Utah Series

by Andrew Baron


You can’t park

there anymore,

so if you left it in the glove

box they’d just tow it with

the car.

Just write it in the frost

somewhere between here

and Salt Lake City I’ll

read it when I get



The Drive

There’s nothing in religion

that isn’t in the hills outside Ogden.

Days ago the snow in runs and patches

was a blanket on a world you hadn’t named.

Come a sinner. Drive the back way

through feedlots of cattle and children,

with her beside you pregnant and beloved.

Come with no reservation through the cold fires of the holy.

Come in reverence and write them

in the moisture on the windows

of the most abandoned buildings:

these places’ names.

Winter gospel.

Come a saint.


The Salt Flats

No one really knows, making all who claim to liars.

But consensus is a word, and so must be acknowledged.

It holds that Brigham Young was by comparison more decent

to the most wretched than their state-ordained protectors.

‘It costs us less to feed them than to fight them.’

I lived here in a brick house and was sheltered from God’s wrath.

I rode a Yamaha 450 across the salt flats outward

from the city until the salt gave way to brine, then sank.

I was wretched in a land where the Shoshone sank their arms

into the hills and ate and made lives across that salt.

No one really knows, but word is that the Mormons would ride out

with gifts and food, and give them. Word is also that they murdered.

One New Year’s we drove out through fog, past the flats to Grantsville,

she and I, to watch the fireworks light their dirt yards.

Where the motorcycle sank, hip-deep in the brine I saw for miles,

east to the Oquirrh mountains, west to the west desert where

Shoshone and Mormon looked hand in hand to heaven through blood.

I lived here as their bastard, and waited in the brine to be delivered.

I was decent in the seam between their visions.


15th East, 15th South

Sit and look

out on the landscape

long gone and the same

of a time when she was sixteen

and a woman, legs rested

on the counter of that drug store

as I played video wrestling.

I saw her years later, which

is now years past. The drug store gone this place

is still the same,

These trees those trees.


The Suburbs

When I came back

from an old country

I delivered

paper to the suburbs.

It was ugly in reverse

proportion to time.

That is, the longer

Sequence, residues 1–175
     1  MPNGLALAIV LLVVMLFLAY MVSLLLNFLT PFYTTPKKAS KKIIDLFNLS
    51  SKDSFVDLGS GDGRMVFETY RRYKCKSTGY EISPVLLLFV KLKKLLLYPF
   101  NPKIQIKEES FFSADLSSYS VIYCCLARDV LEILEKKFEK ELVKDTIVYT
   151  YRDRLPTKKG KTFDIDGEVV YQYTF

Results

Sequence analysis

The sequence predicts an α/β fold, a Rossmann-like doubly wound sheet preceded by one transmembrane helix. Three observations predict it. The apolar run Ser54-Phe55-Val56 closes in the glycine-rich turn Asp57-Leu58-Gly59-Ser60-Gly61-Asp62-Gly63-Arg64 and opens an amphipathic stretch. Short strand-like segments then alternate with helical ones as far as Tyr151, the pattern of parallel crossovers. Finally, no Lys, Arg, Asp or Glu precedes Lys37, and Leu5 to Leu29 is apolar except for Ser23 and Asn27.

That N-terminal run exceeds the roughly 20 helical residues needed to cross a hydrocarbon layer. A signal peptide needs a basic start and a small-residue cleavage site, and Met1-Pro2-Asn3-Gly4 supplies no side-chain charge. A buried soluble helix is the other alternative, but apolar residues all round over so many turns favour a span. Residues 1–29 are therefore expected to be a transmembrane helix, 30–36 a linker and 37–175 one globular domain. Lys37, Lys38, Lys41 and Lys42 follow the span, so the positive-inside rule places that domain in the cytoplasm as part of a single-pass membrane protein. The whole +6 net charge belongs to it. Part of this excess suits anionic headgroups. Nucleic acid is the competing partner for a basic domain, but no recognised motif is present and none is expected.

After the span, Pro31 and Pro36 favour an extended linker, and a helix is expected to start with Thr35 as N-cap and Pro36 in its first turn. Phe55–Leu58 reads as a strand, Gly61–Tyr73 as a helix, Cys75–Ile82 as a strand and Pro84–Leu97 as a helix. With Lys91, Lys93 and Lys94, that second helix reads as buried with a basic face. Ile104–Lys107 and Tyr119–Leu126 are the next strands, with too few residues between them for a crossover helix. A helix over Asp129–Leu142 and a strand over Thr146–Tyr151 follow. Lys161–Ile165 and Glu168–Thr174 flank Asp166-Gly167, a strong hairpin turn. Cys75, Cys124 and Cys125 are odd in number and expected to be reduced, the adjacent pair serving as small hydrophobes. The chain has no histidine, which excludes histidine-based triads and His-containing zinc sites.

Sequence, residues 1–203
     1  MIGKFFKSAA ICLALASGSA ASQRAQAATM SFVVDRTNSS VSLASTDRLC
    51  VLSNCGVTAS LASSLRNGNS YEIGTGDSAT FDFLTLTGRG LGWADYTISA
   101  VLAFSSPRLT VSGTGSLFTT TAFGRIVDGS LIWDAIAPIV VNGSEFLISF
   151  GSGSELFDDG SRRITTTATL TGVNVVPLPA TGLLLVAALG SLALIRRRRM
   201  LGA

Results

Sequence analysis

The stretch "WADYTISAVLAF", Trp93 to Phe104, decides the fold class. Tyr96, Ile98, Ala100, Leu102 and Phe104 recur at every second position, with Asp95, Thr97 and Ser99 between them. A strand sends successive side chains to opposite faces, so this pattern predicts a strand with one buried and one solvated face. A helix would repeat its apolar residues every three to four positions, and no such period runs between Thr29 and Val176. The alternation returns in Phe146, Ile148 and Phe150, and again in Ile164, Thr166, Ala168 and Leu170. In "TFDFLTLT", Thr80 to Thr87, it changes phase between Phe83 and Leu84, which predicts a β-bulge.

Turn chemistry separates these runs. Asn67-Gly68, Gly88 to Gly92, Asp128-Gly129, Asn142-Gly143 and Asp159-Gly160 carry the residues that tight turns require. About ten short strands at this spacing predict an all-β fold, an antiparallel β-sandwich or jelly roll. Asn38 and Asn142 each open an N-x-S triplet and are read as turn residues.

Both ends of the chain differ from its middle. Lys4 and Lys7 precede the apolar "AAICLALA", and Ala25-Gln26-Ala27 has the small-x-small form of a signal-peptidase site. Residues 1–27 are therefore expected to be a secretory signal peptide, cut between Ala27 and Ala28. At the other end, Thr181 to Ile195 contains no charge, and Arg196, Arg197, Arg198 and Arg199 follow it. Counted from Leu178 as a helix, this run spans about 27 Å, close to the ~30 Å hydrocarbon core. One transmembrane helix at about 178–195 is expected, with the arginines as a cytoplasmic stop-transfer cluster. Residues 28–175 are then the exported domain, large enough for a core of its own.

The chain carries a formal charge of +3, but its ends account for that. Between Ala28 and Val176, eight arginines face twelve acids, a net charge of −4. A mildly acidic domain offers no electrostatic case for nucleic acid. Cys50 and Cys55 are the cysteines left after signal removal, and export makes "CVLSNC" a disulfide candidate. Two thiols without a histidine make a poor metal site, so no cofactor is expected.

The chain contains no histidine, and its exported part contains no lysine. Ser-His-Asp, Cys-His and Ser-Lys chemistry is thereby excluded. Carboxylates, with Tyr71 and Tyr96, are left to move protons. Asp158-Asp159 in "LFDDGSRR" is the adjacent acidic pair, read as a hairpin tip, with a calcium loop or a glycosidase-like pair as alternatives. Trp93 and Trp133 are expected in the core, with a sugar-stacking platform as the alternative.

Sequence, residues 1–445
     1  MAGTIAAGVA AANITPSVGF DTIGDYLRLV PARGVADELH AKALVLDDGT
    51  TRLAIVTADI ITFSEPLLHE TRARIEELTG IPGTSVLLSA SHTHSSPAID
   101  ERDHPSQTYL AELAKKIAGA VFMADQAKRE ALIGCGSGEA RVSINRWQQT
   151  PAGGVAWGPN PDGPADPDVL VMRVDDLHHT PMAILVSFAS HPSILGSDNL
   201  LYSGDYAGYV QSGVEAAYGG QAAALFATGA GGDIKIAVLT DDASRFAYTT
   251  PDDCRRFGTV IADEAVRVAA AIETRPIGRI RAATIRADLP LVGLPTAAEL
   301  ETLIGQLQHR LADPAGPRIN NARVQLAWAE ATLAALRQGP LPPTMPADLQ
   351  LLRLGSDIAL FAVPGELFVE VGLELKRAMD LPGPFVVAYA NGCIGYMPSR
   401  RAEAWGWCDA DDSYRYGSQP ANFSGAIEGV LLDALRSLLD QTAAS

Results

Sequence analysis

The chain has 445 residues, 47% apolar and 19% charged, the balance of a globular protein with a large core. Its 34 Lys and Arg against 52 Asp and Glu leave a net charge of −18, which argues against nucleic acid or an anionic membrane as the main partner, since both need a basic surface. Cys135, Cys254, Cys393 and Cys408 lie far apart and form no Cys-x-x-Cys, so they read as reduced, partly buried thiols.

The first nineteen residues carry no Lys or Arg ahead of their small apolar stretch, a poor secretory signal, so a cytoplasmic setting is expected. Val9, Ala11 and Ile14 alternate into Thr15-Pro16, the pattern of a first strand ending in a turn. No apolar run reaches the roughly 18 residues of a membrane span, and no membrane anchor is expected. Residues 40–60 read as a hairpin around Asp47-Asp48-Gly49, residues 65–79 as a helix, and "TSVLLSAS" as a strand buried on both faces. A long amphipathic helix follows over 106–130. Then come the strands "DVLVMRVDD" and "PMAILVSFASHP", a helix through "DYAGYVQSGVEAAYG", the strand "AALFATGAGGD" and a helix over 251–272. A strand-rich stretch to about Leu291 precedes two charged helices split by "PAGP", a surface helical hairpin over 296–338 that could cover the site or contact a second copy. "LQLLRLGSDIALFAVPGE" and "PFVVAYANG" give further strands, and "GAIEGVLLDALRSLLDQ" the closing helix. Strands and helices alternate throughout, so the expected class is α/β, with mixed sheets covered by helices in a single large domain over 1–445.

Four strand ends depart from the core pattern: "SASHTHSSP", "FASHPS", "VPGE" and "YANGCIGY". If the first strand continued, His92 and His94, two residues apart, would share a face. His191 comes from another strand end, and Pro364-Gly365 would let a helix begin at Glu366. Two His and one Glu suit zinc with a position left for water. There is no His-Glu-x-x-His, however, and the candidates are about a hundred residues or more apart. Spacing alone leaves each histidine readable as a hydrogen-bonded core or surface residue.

the more beautiful.

The middle of the

night was the heart

of everywhere the moment

of the embolism,

the pressure forced

them from their beds

at 3 a.m. to spot-

weld the bicycles of

their children. If you need to burn

a sofa behind a brand-

new house, do it

here. Come ye and hear

the night world of behind

the Village Inn.

And then go in. Sit down.

The longer, the more beautiful.


The Canyon  

                      aside for Lorine Niedecker

The road through

the canyon and

the snow and what time gives:

gonna be a father.

These friends in the car and I live,

now, farther

apart than I’d have us.

If close

be kept in words then count us thankful

for the flagrantly modern      (email, etc.

and count it obvious that she,

scrubbing the wood and linoleum

of the island she rhymed into the world,

knew from the lobster pots what modern was,

(and didn’t care)

and so was more of it than we.

At times

I’ve thought her rhymes

were stupid and her story sad.

On the road through other canyons, in different times,

may a daughter say the same about her dad.



There are reasons, things here

people there, but having

never done it I don’t have the words

for leaving.

There was a rat

lived under our garage,

and wore a path from his hole to where

the bird seed fell from

the bird feeder

and back.  

What a shitty life I

thought, and now

it’s mine, wearing

down the highway from there

to here, and back.  

Wait for me at the base of that mountain.  

Dress warm and bring some seed.

I always wanted to write a country song.

Before the sun kills the grass

and the brine mud hardens,

I’ll be coming home to feed.


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Alison Scarpulla

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